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Newtown Volunteer Ambulance Corps has been serving the community since 1941 and is committed to providing coverage of emergency medical needs for the long - term. As the population grows and the demand for service increases, so do the needs of the organization. With 70 members and an annual 9-1-1 call volume of over 2200, NVAC has outgrown the facility it has occupied since 1972.
The design has taken into consideration the need for increased integration with other Newtown-based health and wellness organizations, with a second floor devoted to education. Features of the building include: individual crew-member bunk rooms, office space for the Executive Board and the Association, six garage bays, and technologically advanced electronic and security systems. This building will include a large training room to facilitate increased community educational opportunities such as CPR and AED training, First-Aid, and Scout merit badges. It will also provide space for equipment storage and training for Emergency Medical Technician classes, which are imperative for the continuity of an all-volunteer corps.
As one of the few remaining community-based Emergency Medical Services Corps in Connecticut, the reliance on support from others is critical and very much appreciated.
January 10, 2014:
The building is showing incredible progress with most of the downstairs framing complete and the upstairs metal framing going up right now! These new metal walls are going to enclose our education space and meeting area for Corps and community training. We're very excited to see so much progress already. Each step further in the process is a step closer to providing even better emergency care to the community of Newtown. The pictures below were taken by an ambulance member who stopped by the job site recently. They are facing the rear of the building where the patio and rear garage doors will be located:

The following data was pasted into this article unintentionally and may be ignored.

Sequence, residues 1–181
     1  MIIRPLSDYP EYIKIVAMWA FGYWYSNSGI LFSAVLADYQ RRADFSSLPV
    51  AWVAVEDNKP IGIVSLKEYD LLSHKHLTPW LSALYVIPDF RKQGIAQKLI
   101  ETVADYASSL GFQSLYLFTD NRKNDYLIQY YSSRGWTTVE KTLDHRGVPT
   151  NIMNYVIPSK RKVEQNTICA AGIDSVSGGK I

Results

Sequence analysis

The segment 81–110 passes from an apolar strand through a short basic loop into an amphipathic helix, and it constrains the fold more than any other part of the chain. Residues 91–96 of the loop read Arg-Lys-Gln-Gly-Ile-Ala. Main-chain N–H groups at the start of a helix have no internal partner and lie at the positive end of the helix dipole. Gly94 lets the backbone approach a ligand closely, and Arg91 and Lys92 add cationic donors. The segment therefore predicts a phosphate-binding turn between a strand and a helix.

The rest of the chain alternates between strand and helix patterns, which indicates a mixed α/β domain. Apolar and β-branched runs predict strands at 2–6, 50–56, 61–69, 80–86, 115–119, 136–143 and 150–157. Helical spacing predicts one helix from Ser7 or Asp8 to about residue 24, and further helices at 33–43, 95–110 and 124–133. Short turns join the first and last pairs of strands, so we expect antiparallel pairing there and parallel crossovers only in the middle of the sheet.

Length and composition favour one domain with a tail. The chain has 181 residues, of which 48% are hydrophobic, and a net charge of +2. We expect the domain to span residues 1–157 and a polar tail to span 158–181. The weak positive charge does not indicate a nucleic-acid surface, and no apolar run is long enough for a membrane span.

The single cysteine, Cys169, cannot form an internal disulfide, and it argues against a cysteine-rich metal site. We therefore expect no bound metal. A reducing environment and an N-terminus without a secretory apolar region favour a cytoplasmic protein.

Monday, August 12:
The construction site is now a hard hat area, with an orange fence around it. The gate just opposite the Reed School is now locked and the construction crew has begun to tear up the driveway leading to that gate.
Excavation has begun as well as some cutting down of tress. The surveyor has marked the limits of the actual building and soil has been sent to the lab to make sure that it can support the weight of the new building. This is especially important since fill had been used in some areas of Fairfield Hills. The soil will be evaluated based on state and federal regulations.
Rain was predicted for the next day, but unless the rain is heavy the work will continue.
Monday, August 19:
The soil passed the test and so the crew is about to pour the footings. They will be using wood forms with metal rebar in the concrete for extra support.
Brian Feeney, the Clerk of the works, and representatives of the construction company, Nosal, are now waiting for temporary electricity for their construction trailer.
The carpenters on the site, it is noted, all work directly for Nosal.
Brian reports that some joggers stop by to ask him questions if he’s outside (which is a lot) but no one has come up with any really interesting questions.
Most of the visitors who enter the site (typically, members of the Board of Trustees and the building committee) wear white hard hats, although a green hard hat has been noted. Typically, Brian notes, white hats are worn by supervisors, blue hats are worn by plumbers and steel workers wear green. (The person wearing green is not a steel worker) All but one of the workers at the site have been wearing white hardhats. The other worker is wearing a hat that looks like a cowboy hat, but is especially constructed to meet OSHA standards for hard hats.
It is hoped that the building will be closed in by January, weather permitting.
If you look down on some parts of the site, you can see the remnants of the material used by the Victory Garden to prevent weeds. Brian notes that the construction created a fair amount of wood chips and that he passed them onto the Victory Garden.